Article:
As startling and provocative as his famous Stranger in a Strange Land, here is Heinlein’s grand masterpiece about a man supremely talented, immensely old, and obscenely wealthy who discovers that money can buy everything.
Johann Sebastian Bach Smith was immensely rich—and very old. Though his mind was still keen, his body was worn out. His solution was to have surgeons transplant his brain into a new body. The operation was a great success—but the patient was no longer Johann Sebastian Bach Smith. He was now fused with the very vocal personality of his gorgeous, recently deceased secretary, Eunice—with mind-blowing results! Together they must learn to share control of her body.
Once again, master storyteller Robert A. Heinlein delivers a wild and intriguing classic of science fiction. Written at the dawn of the 1970s, this novel is the brilliantly shocking story of the ultimate transplant.
©1970 Robert A. Heinlein (P)2011 Blackstone Audio, Inc.
“Magnificent. A science fiction masterpiece.” (Galaxy)
As a long time fan of Heinlein I am used to him being quite close to the mark when describing the social aspects of the human condition. That is why this book was such a shock. Heinlein so completely misses the mark in his exploration of a modern strong woman that is is pathetic. What no doubt began as a tribute by the author to the emerging power of women in the 1960's, comes off as a wistful dream of a sex starved man who sees little potential in women beyond the ability to stir strong feelings in the loins of men.
Musical Theatre fan and practioner
Usual robust males, independent women Heinlein book, but in this the man becomes a woman, in body at least because of a brian transplant.
A Stranger In A Strange Land (the expanded version) because it is about alternate, seldon considered ways of looking at and living life.
no, but I love the way he reads and the way he separates characters by voice
LOVED this book when I read it 30 years ago, love it still
Buy any mainstream Heinlein book, and you won't be disappointed.
Yes, I love Heinlein, I collect Heinlein, but this storey is dross, his absolute worst.
yes, but please avoid this unless your an absolute masochist
Good Narrator, no problems
It ended, eventually
One for the purists only
The man is a great writer but I just couldn't stomach this book. Page after page of adolescent erotica. I know that I should consider the so called "free love" cultural hype of the period in which it was written but I lived through that period and even then I would have considered it junk. The narrator did a fine job but you can't make a silk purse out of.... you get the idea.
The story was pretty good. It seemed to have some gaps which I guess is attributed to the Unabridged version. The narrator's voices were ok, he just was pretty weak in the female voices. :)
I guess the Johan for his ability to adapt.
Long-time audiobook listener and enjoy sci-fi, thriller and crime noir. In non-fiction, I enjoy science, anthropology, history and religion.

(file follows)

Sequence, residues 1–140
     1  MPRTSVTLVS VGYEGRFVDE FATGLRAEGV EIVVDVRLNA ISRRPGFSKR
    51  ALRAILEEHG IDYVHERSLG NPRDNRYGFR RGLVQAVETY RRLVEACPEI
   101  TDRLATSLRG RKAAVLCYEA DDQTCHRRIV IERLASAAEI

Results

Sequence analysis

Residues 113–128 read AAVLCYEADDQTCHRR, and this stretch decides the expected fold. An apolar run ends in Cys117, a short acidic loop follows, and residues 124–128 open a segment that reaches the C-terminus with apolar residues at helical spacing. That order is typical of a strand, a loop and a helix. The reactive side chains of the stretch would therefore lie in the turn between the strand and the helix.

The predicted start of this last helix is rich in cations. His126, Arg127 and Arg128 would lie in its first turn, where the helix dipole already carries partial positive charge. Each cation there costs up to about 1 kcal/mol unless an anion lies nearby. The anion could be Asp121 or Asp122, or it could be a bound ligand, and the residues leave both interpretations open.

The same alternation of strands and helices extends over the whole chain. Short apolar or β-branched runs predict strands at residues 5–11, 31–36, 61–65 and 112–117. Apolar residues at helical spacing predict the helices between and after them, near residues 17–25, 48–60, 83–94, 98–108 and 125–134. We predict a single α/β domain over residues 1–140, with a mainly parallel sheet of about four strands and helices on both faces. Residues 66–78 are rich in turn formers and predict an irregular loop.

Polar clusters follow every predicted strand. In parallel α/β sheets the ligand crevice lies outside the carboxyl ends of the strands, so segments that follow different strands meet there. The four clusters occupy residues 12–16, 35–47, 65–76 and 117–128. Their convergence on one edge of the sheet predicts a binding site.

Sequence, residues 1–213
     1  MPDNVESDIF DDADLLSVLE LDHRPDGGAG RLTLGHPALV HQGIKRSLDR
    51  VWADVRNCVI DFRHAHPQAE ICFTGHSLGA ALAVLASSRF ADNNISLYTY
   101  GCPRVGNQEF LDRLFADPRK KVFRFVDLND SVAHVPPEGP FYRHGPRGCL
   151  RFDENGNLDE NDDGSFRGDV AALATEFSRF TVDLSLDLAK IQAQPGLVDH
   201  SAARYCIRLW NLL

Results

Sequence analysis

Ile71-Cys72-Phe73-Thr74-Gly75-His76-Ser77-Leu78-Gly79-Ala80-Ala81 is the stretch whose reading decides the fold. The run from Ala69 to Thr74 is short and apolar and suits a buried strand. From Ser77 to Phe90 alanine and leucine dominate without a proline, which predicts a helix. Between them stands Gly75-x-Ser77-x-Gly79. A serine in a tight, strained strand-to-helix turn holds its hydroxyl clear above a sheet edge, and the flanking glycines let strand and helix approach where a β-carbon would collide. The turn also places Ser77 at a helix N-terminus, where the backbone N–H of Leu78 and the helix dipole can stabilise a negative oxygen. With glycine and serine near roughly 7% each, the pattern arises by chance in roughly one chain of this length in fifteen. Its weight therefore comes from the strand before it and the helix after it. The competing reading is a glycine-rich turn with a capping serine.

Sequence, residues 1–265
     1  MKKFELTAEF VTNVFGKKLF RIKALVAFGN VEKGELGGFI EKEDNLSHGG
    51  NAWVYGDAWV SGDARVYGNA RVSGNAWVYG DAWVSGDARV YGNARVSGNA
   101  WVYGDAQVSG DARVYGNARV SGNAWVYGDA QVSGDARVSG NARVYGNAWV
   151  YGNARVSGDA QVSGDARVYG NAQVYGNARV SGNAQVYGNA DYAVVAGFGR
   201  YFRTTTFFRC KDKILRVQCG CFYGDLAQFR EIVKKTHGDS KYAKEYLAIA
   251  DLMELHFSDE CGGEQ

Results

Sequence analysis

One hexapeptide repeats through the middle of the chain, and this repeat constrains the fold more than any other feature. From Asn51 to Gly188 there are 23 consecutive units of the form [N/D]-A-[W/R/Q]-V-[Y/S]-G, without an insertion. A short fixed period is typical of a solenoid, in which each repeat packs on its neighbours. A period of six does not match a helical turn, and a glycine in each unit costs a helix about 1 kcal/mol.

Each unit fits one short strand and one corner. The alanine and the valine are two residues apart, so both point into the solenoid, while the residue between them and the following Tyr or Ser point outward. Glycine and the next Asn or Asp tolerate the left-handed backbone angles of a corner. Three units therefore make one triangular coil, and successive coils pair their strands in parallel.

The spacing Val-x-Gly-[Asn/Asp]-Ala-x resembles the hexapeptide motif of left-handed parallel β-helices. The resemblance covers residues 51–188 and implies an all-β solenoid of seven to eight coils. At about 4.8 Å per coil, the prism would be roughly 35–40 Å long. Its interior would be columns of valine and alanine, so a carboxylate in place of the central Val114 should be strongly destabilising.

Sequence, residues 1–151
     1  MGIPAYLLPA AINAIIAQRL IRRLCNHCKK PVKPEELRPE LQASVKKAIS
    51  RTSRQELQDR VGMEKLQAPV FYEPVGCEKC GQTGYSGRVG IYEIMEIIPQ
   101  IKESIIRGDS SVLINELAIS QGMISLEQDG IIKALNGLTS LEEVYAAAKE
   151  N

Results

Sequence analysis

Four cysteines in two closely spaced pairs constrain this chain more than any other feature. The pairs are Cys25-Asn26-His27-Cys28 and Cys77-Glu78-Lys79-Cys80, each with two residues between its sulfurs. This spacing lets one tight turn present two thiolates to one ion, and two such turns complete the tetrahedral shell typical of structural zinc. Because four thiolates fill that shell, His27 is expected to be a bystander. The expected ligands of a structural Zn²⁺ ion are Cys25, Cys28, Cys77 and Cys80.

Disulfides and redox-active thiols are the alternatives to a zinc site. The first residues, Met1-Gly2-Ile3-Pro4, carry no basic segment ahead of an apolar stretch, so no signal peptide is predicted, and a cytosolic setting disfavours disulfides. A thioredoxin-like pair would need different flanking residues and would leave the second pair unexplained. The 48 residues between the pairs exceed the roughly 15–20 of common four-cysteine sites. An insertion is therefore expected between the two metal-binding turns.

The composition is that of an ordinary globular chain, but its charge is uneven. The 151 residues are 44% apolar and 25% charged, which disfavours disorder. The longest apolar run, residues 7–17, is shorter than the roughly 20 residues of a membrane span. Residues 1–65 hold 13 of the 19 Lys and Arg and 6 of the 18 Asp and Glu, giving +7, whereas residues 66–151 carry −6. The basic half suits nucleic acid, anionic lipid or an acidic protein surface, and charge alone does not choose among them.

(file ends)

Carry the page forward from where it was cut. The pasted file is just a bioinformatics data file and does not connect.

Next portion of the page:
I truly love Heinlein - which is why I was floored by this meandering stringing-together of male adolescent fantasies. I'm no prude and I've read racier scenes than these in much better novels. It's just that these were awkward, uncomfortable and unapologetically misogynistic.
Yes, Heinlein was a product of his times and I've forgiven him on numerous occasions for (mostly) mild misogynistic behavior in his characters. And I could even put up with a little of his sermonizing on the evils of Victorian ethics and the beauty of free love. (The book was originally published in 1970.) But in this novel, it never ends...
The biggest shame here is that the plot had all kinds of potential: brain transplant, being suddenly young and "doing it all over again" and especially the different ways men and women think about sex. Although I think Heinlein thought he was doing the latter, he simply projected his male fantasies into the mind of a woman and made her the two dimensional mirror image - a sex object that lives only to make men hot and happy.
It's truly staggering to me that the same mind that produced Stranger in a Strange Land (one his best) and dozens of other sophisticated, thoughtful novels wrote this. As others have said, if you're new to Heinlein please don't start here. In fact, fan or not, just skip this one entirely. Let's all just pretend he never wrote it!
Can't bring my self to finish it, not even close to the other heinlein books i've read
Anthony Heald is of the camp that a female voice is a breathy voice. He actually suits the characters reasonably well (as they're shallow and cliched).
So disappointed! I realize this book was written in the 1970s, but the author has so little imagination and so little depth and interest in the difference between the sexes it's astounding. It reads like a young boy's fantasy about getting to try on a female body and live out his sexual fantasies in a vaguely liberated environment. With so much potential subject matter to explore, he sticks to prurient, boring cliches and stereotypes, giving his characters no depth and little imagination.
I listen to audiobooks at work. This one is not appropriate for that use. I listened to the first 1/3 of the book and decided it was not something that I felt comfortable listening to at work.
I thought it would be more sci fi but it was mostly about sex.
I thought the performance was ok.
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